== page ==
1817 – Gracefield Lodge, Ballylynan, Co. Laois

Architect: John Nash / Daniel Robertson

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An early 19th century cottage ornée, originally designed by Nash but built by Robertson to a cut down version of the design.

From: J.P. Neale, Views of the seats of Noblemen and Gentlemen in England, Wales, Scotland, and Ireland, Second Series, vol.V, London, 1825
“GRACEFIELD LODGE is situated about five miles north-west of the town of Athy, and between seven and eight due north of Carlow . The original design of this picturesque and commodious residence was furnished by Mr. Nash of London, and, in 1817, the present structure was erected by Mr. Robertson of Kilkenny. With respect to external architecture, the design has been much admired for that pleasing effect which a varied outline in buildings of this description seldom fails to create. The frequent breaks, and strong projections in the walls, the cutstone lables surmounting the windows, and the general, though harmonized , irregularity of the whole, produce an appearance strikingly animated and cheerful. Its interior arrangements exhibit every necessary convenience. The principal story contains an outer and inner Hall and two Staircases, a Drawing-room , a Library, a Dining-room , and a Conservatory, all of which lie en suite, and may severally be approached likewise from the Hall. It is to be regretted, that the site selected for this building, evinces so little judgment, while the good taste of the architect is so conspicuous. At the foot of the first hill to the south, an admirable situation presents itself, which was unfortunately overlooked.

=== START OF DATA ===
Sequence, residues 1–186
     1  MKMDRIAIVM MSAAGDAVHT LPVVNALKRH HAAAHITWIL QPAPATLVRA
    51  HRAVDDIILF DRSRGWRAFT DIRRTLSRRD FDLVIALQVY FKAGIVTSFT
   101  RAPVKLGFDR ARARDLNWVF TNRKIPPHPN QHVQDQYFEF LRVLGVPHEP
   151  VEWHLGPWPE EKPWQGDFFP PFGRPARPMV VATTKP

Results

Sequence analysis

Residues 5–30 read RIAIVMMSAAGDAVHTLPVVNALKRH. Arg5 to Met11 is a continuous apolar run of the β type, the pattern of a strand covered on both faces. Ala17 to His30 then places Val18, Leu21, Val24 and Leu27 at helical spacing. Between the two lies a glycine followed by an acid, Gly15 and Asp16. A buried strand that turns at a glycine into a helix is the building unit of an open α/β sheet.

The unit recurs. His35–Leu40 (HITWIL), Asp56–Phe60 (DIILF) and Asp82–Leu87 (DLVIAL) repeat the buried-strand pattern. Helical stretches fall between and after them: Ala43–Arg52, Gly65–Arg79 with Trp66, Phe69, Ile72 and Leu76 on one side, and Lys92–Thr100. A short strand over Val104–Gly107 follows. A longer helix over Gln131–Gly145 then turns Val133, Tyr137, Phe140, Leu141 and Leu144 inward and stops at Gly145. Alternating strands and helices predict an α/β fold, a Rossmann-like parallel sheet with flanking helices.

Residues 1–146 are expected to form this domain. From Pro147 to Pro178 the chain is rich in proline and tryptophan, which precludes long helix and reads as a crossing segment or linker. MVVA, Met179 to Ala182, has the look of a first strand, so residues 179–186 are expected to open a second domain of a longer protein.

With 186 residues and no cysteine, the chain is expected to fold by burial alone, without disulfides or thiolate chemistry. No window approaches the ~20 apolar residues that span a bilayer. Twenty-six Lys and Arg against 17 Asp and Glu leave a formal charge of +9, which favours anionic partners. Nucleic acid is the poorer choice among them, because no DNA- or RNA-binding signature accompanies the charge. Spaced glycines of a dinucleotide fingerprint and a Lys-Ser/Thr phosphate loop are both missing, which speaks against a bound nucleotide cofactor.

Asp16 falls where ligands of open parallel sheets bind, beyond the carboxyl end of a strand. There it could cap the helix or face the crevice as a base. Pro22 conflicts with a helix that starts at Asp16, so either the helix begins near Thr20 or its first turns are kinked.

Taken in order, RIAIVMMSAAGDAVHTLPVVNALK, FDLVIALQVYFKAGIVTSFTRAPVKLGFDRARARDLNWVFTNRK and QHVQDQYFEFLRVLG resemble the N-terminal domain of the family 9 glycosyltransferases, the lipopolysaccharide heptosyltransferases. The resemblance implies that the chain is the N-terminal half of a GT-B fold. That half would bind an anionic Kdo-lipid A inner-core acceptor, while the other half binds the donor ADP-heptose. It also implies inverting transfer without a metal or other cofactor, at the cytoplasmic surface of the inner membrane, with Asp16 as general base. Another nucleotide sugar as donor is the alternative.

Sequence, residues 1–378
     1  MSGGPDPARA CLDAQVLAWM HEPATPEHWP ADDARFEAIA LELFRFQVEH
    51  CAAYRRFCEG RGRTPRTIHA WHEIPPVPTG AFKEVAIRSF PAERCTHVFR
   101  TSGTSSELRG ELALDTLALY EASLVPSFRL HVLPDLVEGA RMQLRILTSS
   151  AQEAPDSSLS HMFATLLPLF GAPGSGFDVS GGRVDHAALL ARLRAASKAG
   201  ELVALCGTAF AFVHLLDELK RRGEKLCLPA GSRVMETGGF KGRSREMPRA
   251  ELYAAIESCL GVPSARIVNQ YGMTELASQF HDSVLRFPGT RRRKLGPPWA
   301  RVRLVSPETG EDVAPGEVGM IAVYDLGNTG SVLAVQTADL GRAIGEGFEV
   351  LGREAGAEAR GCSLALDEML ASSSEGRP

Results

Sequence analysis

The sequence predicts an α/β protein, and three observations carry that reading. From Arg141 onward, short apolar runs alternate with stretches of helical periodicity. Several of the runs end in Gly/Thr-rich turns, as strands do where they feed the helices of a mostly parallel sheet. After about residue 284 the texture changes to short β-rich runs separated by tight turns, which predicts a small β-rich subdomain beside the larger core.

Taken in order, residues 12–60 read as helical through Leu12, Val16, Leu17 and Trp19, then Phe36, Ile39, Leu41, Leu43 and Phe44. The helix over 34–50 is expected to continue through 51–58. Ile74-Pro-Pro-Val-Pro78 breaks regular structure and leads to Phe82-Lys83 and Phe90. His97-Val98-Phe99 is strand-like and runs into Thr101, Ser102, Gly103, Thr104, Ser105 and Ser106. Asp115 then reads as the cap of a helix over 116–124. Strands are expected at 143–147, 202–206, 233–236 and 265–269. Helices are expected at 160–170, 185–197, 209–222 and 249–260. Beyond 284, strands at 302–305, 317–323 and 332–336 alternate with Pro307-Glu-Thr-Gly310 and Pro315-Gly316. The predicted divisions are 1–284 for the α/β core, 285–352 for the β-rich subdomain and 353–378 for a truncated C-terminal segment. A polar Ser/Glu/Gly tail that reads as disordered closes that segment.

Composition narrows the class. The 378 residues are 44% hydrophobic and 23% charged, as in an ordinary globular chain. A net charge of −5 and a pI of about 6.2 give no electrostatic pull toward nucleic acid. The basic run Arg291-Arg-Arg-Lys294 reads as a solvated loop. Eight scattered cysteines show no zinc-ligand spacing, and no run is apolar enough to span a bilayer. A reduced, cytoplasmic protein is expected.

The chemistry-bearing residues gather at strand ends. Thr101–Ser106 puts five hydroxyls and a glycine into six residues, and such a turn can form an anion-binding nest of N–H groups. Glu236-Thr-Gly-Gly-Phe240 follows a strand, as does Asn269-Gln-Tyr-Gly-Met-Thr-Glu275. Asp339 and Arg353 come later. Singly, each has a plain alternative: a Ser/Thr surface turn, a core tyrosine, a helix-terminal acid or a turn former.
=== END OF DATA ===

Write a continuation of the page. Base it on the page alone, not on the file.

The present House is distant about seventy perches from the former mansion, every vestige of which is now removed, and the spot covered with plantation or grass. It is stated in the statistical Survey of the Queen’s County by Sir Charles Coote , Bart., that “ the house at Gracefield and its improvements are very old fashioned, though the land is the best in the barony.” The architectural part of this remark having been replied to , it remains only necessary to observe with respect to the grounds, that they also have recently undergone an extensive and decisive change under the superintendence of Mr. Sutherland , whose sound judgment, fine taste, and practical skill, is universally acknow ledged. Many formal rows of trees have been broken, numerous fences levelled , and the ground occupied by artificial pieces of water, restored to its natural state . Vistas have been also opened for the eye to penetrate the thick masses of wood, and young plantations are seen on every side. In removing some of the vast banks or divisions that intersected the demesne, several pieces of early English coin , and other antique relics were obtained ; but the extensive foundation walls and ground adjoining the ruined church and monastery of Rathaspuck, which stands on Sir William Grace’s estate, has been long considered a productive mine for discoveries of this description.”

Lewis’s Topographical Dictionary of Ireland, 1837.
“…at a short distance are the luxuriant woods of Gracefield Lodge, the seat of the ancient family of Grace, whose old mansion has been taken down and replaced by an elegant villa in the later English style, from a design by Mr. Nash, completed in 1817; the grounds have been tastefully embellished, and the approach from the Kilkenny side presents some beautiful and interesting mountain scenery.”

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